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Doctors getting MBAs

Broader role, Geek 5, Leadership, Managing people

Jane Porter at the Wall Street Journalwrote an interesting article about doctors getting MBAs.  Most doctors fall into our definition of a geek.  They certainly have the deep technical expertise.  Most of them have also focused on their specialty instead of general management skills – hence the later need for an MBA.  Not all of them would self-identify as a geek, but if it looks like a geek and smells like a geek…

The article, Doctors Seek Aid from Business Schools, touches on many of the issues covered by the Geek 5.  The article covers the need for basic management skills,  leadership skills and financial/ business acumen.  She cited a statistic that the University of Pennsylvania health system now spends $1 million on leadership training. 

This is a great example of geeks gone pro.  The doctors rise in their careers due to the technical stuff.  But at a certain point, the professional skills become just as important and help determine career advancement and success.  If they can do it, so can you!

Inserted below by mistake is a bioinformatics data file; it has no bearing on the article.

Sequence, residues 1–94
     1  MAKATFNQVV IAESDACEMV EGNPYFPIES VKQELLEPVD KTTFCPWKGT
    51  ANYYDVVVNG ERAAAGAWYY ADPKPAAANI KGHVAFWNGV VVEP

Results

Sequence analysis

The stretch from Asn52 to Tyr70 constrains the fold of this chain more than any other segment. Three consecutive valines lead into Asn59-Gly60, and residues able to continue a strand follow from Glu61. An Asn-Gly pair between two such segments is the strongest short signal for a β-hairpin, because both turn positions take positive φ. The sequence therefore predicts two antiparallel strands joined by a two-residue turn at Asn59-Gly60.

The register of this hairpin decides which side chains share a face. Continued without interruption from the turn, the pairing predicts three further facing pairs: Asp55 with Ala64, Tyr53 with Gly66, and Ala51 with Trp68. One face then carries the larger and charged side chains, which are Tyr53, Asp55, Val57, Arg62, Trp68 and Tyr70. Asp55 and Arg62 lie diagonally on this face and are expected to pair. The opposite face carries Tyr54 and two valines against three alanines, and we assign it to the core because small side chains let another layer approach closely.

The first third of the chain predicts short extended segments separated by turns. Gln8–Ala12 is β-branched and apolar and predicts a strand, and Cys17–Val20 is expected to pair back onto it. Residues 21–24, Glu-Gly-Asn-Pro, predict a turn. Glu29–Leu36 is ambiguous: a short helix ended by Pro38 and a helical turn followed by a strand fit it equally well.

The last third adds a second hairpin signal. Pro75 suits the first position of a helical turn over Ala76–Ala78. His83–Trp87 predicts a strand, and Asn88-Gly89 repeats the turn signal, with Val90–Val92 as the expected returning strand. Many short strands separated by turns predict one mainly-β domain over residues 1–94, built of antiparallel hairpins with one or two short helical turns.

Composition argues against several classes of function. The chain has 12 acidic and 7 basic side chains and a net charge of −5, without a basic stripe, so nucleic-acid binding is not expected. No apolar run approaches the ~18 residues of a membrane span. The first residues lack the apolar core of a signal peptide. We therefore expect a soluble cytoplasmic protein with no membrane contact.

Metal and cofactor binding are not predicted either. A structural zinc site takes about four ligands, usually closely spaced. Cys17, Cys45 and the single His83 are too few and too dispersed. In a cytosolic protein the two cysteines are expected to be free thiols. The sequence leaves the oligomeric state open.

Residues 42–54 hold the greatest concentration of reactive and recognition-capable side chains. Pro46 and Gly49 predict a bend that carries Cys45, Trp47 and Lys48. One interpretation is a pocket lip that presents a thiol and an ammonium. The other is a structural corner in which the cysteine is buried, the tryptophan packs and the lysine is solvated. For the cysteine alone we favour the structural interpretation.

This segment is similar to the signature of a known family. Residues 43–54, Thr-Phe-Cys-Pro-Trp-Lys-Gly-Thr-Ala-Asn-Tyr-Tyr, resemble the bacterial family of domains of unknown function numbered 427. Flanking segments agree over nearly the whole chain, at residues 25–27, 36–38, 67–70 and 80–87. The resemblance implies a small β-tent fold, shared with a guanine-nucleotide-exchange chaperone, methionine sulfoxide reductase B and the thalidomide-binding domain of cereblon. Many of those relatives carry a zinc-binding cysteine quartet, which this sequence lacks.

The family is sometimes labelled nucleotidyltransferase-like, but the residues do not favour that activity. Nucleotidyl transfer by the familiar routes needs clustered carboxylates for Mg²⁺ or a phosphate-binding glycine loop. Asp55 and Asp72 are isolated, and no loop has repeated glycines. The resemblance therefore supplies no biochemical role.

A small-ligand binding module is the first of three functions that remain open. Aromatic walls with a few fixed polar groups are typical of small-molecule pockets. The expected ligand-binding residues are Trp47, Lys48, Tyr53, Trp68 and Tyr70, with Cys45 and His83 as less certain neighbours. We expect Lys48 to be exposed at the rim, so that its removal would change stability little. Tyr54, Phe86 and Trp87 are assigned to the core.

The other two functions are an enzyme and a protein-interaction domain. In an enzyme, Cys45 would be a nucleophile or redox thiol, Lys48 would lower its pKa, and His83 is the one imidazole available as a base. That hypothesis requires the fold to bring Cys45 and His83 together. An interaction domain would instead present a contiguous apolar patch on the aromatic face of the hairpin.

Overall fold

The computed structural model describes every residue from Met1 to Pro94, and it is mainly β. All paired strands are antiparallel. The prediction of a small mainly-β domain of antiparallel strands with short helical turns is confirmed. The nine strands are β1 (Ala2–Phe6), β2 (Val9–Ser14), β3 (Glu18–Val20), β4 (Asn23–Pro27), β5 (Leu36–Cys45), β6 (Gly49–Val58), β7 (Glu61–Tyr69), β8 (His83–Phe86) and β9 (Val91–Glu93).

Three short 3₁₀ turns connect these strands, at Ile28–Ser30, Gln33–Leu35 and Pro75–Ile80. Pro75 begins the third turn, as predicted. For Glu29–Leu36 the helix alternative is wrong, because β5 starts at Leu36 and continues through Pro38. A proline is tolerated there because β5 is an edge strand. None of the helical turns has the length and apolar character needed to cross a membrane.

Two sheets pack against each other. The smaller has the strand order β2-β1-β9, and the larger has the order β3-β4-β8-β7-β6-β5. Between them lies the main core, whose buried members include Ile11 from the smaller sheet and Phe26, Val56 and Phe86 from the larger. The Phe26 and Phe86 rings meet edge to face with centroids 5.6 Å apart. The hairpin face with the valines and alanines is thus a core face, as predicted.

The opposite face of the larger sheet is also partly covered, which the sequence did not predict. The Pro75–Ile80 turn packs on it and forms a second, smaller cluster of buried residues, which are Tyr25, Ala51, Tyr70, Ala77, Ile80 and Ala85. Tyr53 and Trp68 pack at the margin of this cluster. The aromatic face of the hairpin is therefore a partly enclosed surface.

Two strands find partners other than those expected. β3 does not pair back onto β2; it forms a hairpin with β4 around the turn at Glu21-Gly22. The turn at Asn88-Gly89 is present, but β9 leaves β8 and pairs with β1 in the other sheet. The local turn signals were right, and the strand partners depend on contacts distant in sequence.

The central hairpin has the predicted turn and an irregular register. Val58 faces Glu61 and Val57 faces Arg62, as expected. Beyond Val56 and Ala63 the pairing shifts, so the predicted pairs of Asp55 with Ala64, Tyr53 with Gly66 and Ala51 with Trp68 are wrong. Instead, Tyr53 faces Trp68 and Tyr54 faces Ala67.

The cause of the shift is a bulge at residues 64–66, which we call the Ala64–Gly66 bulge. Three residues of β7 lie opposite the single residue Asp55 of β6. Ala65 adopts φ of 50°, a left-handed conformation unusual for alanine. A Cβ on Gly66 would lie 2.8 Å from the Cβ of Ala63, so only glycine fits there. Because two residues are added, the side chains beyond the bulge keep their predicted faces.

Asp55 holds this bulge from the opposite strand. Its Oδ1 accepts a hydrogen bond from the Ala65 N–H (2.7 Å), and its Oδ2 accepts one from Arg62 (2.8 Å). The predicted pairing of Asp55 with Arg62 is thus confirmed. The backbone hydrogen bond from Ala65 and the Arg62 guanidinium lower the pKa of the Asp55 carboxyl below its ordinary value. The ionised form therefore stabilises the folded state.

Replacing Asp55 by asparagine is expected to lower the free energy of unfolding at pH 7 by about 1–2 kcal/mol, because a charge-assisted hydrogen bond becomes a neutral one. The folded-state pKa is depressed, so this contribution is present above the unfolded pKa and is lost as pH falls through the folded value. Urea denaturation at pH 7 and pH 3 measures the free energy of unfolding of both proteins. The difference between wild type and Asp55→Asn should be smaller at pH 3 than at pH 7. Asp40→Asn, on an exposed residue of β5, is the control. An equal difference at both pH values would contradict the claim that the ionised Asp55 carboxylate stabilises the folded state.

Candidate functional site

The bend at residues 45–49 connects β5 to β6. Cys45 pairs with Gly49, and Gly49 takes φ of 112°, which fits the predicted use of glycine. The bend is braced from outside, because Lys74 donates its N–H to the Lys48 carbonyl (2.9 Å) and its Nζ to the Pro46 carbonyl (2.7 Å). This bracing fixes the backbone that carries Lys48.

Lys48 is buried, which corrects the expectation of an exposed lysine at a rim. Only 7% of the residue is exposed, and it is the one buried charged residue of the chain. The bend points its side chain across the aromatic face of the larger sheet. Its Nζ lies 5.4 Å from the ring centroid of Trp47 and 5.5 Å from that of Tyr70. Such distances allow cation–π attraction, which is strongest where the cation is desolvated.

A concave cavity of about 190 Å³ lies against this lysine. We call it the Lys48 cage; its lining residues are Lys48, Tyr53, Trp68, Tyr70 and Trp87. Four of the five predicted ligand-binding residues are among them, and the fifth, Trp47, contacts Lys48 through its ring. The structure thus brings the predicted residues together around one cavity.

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New Year Resolutions

Geek 5, Leadership, Managing people

It is that wonderful time when the year is just starting and everything seems possible.  Since 2009 was a rough year, 2010 is bound to be better.  Along with weight-loss goals and planning to be more organized, it is a good time to sit down and think about your career goals and work-related resolutions. 

What do you want to accomplish in 2010?  Do you want to go from good to great in your current job?  Do you want a promotion or a raise?  Do you want a new job with a new company?  Are you unemployed and searching for a job?

Spend some time thinking about this.  Set some realistic goals.  Write them down and share them with a spouse or significant other or friend.  Look at them every couple of weeks and write down what you’re doing to accomplish them.

 That will help you set your own career goals and direction.  But remember, to be successful at a leadership level, you also need to consider concerns beyond your personal success.  That can include contributing more to your company, supporting your co-workers or providing improved leadership to your direct reports.

Gayle Lantz wrote a guest post at Smart Blog on Workforce called “Replace Those Resolutions with Questions“.  She sets out a nice series of questions to consider for the new year.  They focus on strategy and leadership and making a difference.  Check it out!